Can You Sue for a Dog Bite Injury in Minnesota?

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Can I Sue for a Dog Bite?

After taking a closer look at the evidence, you might think again before using that expression “man’s best friend”.  The fact is, roughly 4.5 million people are bitten by dogs in the United States alone, according to the Centers for Disease Control and Prevention (CDC). Of those bites, nearly 800,000 require medical attention, with nearly 1 in 5 becoming infected.

Statistics like these clearly show that not all dogs are four-legged friends. Rather, having a run-in with a dog can be a serious, life-changing event for us or a loved one. So when this occurs, people need to be informed as to what steps to take and what sort of compensation might be owed them. Questions such as, “Can I sue to cover my medical bills?” or, “Can I sue for the trauma I experienced?” flash through the minds of dog bite victims as they realize the gravity of the situation.

What about you? Let’s delve into the matter to establish what you can do if you’re bitten by a dog.

Can I sue if a dog bites me?

Let’s get straight to the point: if a dog bites you or a loved one, you may be able to sue for compensation. How can you be sure? Because there is a specific law on dog bites in Minnesota, one that is clearly favorable to dog bite victims.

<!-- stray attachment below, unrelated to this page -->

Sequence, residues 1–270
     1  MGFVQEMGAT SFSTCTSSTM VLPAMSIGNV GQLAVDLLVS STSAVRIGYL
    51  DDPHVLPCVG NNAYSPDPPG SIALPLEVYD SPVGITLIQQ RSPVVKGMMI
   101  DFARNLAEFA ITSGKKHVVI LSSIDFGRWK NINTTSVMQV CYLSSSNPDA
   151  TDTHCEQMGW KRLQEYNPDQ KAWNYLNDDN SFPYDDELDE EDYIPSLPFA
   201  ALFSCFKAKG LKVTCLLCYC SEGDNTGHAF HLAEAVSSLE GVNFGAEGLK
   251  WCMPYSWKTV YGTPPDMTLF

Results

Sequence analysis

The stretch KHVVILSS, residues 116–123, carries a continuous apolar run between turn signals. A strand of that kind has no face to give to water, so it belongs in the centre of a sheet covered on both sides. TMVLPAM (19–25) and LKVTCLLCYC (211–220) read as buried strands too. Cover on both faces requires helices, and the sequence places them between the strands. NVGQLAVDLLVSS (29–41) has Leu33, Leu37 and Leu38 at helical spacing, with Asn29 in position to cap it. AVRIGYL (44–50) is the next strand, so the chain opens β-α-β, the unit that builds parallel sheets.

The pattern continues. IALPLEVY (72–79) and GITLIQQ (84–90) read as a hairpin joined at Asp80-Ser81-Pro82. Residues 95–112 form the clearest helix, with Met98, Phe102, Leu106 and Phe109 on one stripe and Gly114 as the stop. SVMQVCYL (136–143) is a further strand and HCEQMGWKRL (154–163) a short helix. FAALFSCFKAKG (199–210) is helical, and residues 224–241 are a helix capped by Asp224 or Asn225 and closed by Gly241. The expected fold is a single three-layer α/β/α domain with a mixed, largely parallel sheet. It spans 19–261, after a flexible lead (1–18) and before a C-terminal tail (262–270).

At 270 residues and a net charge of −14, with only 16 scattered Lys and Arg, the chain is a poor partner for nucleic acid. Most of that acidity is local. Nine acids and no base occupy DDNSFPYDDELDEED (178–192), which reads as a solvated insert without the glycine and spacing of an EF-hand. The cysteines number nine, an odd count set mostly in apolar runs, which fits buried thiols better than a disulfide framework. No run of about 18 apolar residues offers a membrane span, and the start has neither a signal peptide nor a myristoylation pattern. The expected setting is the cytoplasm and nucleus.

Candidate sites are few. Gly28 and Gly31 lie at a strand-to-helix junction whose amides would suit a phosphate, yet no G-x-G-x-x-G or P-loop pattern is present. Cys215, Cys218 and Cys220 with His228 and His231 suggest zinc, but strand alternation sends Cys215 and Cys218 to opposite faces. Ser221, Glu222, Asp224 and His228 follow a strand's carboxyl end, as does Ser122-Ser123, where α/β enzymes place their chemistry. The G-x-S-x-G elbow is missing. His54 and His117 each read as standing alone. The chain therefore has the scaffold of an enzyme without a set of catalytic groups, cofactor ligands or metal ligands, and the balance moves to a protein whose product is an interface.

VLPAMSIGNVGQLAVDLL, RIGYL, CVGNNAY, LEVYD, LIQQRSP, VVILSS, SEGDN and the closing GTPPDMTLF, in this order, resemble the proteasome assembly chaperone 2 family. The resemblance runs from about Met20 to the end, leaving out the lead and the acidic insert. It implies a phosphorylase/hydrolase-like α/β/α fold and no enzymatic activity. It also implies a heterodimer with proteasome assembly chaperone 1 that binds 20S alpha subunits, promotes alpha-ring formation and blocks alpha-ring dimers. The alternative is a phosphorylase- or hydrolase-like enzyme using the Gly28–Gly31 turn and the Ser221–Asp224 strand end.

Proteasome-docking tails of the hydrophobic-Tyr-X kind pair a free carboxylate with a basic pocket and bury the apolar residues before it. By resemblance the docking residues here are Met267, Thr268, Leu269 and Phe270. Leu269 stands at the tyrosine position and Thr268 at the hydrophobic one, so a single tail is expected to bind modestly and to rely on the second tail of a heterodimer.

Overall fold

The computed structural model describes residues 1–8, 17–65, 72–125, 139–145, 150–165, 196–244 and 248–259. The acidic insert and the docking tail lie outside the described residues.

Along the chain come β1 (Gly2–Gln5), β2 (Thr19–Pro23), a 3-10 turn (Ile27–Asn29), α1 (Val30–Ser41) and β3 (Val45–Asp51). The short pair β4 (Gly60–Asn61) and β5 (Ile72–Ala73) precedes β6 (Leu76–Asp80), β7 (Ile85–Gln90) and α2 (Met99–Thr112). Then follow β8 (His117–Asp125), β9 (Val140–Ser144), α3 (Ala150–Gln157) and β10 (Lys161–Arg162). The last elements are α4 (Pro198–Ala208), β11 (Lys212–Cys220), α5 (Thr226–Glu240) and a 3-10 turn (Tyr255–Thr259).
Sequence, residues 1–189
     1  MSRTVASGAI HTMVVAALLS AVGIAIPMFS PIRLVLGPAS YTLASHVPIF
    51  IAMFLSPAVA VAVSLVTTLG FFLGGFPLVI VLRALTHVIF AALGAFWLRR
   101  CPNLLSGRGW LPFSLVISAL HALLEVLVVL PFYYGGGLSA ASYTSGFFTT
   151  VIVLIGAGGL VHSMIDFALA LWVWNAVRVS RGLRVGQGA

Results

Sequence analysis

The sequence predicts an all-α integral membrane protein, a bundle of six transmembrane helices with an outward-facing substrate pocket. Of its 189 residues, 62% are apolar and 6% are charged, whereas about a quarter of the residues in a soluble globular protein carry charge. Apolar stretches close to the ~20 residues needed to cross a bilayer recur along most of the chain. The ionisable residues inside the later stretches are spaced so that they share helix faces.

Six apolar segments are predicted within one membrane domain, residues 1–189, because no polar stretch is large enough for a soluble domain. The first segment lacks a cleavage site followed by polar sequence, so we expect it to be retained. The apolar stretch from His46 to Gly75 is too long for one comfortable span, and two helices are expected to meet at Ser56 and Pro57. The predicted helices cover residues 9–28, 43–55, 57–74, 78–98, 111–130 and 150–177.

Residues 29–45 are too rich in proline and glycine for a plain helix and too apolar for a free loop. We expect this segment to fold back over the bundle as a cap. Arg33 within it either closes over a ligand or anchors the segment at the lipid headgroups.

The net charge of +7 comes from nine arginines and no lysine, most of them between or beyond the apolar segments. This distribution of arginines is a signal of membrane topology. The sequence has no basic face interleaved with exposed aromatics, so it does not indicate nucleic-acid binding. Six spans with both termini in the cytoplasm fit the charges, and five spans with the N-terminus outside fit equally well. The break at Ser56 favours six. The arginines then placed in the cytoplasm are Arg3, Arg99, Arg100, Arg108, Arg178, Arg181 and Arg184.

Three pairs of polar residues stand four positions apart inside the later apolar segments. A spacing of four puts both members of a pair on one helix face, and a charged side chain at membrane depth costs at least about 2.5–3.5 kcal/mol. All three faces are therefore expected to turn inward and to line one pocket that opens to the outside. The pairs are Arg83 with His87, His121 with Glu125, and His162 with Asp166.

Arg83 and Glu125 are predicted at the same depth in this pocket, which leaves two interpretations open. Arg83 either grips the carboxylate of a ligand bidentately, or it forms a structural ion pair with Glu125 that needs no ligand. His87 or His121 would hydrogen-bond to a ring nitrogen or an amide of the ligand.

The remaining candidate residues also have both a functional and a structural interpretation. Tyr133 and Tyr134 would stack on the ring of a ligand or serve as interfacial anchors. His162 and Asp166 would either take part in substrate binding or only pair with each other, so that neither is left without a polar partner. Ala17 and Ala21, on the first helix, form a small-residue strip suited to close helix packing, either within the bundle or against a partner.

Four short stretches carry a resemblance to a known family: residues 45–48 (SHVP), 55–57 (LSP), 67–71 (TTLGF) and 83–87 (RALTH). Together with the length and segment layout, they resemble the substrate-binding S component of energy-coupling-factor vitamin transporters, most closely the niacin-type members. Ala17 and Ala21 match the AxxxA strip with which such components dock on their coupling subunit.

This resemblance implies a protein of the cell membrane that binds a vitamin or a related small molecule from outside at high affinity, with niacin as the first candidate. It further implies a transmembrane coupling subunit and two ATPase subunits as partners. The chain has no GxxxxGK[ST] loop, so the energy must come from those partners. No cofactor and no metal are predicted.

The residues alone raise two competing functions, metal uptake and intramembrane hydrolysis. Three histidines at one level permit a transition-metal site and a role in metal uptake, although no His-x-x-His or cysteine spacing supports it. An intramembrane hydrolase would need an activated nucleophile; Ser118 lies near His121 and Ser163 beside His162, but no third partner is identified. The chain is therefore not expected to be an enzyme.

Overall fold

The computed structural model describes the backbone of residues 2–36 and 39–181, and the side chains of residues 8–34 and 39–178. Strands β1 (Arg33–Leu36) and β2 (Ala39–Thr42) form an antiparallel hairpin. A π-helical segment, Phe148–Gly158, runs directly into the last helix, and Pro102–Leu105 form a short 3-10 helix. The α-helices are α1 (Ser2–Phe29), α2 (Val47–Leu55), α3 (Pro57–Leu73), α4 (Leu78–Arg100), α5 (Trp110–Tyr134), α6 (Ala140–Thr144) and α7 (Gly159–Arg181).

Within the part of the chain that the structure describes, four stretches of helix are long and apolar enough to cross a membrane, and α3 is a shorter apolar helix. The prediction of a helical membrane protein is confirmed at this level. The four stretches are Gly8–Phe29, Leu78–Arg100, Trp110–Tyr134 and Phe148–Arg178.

That law we are referring to is Minnesota Statute 347.22. Regarding the legal liability of a dog owner if their dog bites someone, it says, “If a dog, without provocation, attacks or injures any person who is acting peaceably in any place where the person may lawfully be, the owner of the dog is liable in damages to the person so attacked or injured to the full amount of the injury sustained.”

As you can see, Minnesota law requires the owner of the dog that bites you to be held legally responsible and fully compensate you for your injuries, so long as you were acting peacefully and not provoking the dog, as well as having been in a place that you were legally allowed to be when you were bitten. It’s also noteworthy that a dog bite case in 1978 has shown that compensation may also be owed to a dog bite victim if there was negligence found on the part of the owner of the dog.